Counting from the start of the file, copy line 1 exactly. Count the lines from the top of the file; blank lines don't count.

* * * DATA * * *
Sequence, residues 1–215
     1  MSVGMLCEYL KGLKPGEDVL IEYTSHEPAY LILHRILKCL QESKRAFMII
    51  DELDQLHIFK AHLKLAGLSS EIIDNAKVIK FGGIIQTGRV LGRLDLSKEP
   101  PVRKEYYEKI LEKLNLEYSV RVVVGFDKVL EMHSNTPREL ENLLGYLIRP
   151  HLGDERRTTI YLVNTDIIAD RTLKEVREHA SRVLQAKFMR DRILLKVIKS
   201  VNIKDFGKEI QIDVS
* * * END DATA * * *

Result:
Sequence, residues 1–215